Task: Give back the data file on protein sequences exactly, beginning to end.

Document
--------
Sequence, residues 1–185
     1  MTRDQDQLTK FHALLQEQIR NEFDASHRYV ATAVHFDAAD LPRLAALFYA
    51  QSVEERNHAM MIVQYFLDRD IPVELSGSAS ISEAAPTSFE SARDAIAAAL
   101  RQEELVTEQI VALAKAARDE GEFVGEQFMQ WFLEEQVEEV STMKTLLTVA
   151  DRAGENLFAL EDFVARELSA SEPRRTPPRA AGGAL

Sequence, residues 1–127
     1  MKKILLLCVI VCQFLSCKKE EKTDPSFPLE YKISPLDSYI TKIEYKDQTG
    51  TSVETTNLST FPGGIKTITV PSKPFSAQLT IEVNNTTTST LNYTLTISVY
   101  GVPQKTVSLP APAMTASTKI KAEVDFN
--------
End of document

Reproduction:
Sequence, residues 1–185
     1  MTRDQDQLTK FHALLQEQIR NEFDASHRYV ATAVHFDAAD LPRLAALFYA
    51  QSVEERNHAM MIVQYFLDRD IPVELSGSAS ISEAAPTSFE SARDAIAAAL
   101  RQEELVTEQI VALAKAARDE GEFVGEQFMQ WFLEEQVEEV STMKTLLTVA
   151  DRAGENLFAL EDFVARELSA SEPRRTPPRA AGGAL

Sequence, residues 1–127
     1  MKKILLLCVI VCQFLSCKKE EKTDPSFPLE YKISPLDSYI TKIEYKDQTG
    51  TSVETTNLST FPGGIKTITV PSKPFSAQLT IEVNNTTTST LNYTLTISVY
   101  GVPQKTVSLP APAMTASTKI KAEVDFN